Where is the joy when you’re living in a time of a global coronavirus pandemic and a local toxic-drug epidemic? What is the use of making when your city is seized by global investment-real estate schemes, when there’s too much stuff in a overheated planet and a hateful, superpower president next door?
These questions ricochet around my brain, only abating when this futile, exhausting expenditure of energy hones in on the rote activity of knotting and needleworking. The hand-wringing falls into rhythm as I grasp at lost, tossed threads that I make whole and into whole new ideas.
Making is a very personal physical reaction to perilous times and unstable circumstances but working with found fibre is also an intrinsically social action that weaves in disparate economic circumstances, language, race, age and abilities. Braiding, stitching, knotting, needleworking create resilient connective tissue between one body and another. Strands thicken into solid links between the ancient and the modern, utility and self-expression, the digital and the physical, the personal and the political.
By exploring the inherent qualities of abject manufactured material, the body binds with other bodies and other places, some known, some not. It is work, but outside the tumultuous dominant economic system. It is an experience of the history of production and distribution through the material at hand.
Even in these times, when gathering around a table is a hazardous activity, when our pack species is feeling at loose ends, masked up and reluctantly apart, the tactility of rote hand-making grounds us into the here and now, one stitch, one loop, one knot at a time. We grasp at the tendrils, continuing the work, with the results standing as artifacts of a time, place and our individual and collective states of being.
Three major works created over one year remind me of the uncertainty, the panic, the perilousness of these times, and of the solace gained through individual making and the joy of making with others. The three are relics of two years of material research that culminated in a Master of Fine Arts 2020 exhibit set up one day before the university locked down.
I've just returned from a month in the big country of southwest Saskatchewan: big skies, big farming operations, big empty days that were all too much at the start of my artist residency at the Wallace Stegner House.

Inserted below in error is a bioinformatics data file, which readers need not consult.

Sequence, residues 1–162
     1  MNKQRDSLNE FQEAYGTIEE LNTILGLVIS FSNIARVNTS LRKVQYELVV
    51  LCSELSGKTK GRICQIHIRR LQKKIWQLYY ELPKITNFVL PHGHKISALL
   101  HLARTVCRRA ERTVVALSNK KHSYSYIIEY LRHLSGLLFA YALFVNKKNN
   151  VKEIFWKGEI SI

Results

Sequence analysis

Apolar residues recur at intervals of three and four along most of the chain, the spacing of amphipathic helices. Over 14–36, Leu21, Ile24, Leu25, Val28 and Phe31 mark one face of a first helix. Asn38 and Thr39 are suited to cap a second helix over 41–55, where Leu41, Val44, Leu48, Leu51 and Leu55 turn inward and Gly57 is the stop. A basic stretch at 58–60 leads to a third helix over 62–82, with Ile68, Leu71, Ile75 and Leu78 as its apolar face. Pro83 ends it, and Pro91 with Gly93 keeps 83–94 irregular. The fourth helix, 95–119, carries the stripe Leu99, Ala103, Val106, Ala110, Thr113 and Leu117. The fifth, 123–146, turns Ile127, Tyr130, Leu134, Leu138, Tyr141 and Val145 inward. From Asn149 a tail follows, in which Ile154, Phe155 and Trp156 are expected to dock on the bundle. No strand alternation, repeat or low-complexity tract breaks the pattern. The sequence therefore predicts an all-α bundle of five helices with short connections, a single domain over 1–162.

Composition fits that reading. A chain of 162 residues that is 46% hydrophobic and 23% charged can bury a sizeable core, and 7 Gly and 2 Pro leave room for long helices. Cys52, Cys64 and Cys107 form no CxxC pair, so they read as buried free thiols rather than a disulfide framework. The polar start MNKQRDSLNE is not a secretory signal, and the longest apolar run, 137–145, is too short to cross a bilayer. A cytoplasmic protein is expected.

Suddenly agoraphobic, I pulled down all the blinds and paced around that lovely century-old house, wondering what on earth possessed me to throw myself into this imposing patchwork landscape. I am not a landscape painter; that's my dad's bag.
Plus I came by plane and an eight-hour car ride, so even if I did want to paint, I didn't have my usual large stretched canvases and totes of paints. I did bring a few of my usual travel essentials: embroidery hoops, needles and floss — and an old bed sheet. I knew there was just a couple of stores in town, and none would be selling art supplies so I packed a tiny travel set of liquid acrylics, a few brushes and a pad of mixed-media cardstock.
My sketchy plan involved, well, sketching with my father, who has spent some of every summer in this tiny town of Eastend ever since he filled the Stegner House with his landscape paintings 15 years ago.
We were quite a pair: me, not at all comfortable with the whole plein-air tradition, and him, increasingly unfamiliar with his life's work of painting that involved biking into the country to sketch then returning to his basement to paint in the heat of the day. (Actually we were mostly a trio, his wife acting as facilitator for whatever this was, supplying us with water bottles, sunhats, sketch pads and willow charcoal, and generally getting us on the road.)
We circled around this vague idea of mine as we circled around this dead-quiet, struggling little town every morning. But the awkwardness turned to anguish back at my studio as I undertook the tedious pursuit of finding some interest — or even the point — in painting puffy clouds and dun-coloured hills.
A week later and out of sheer frustration at my lack of landscape-painting prowess, I resorted to dropping diluted paint on a taut scrap of bedsheet in an embroidery hoop just to watch it bleed. I threw the first painted scrap away and did another, with a little more intention, then threw that away too. Within a couple of hours I figured out the right water-to-paint ratio to create a slightly controlled bloom with each stroke. A lot of other distracted behaviour (baking apple crisps, walking by the river, venting via text to my artist friends) meant that each additional stroke was added to a dried layer and by the end of the afternoon, a landscape was emerging on a miniature stretched canvas. That one I didn't throw out. But it was still a little hazy. That's when I thought about using my stash of embroidery floss for final line work.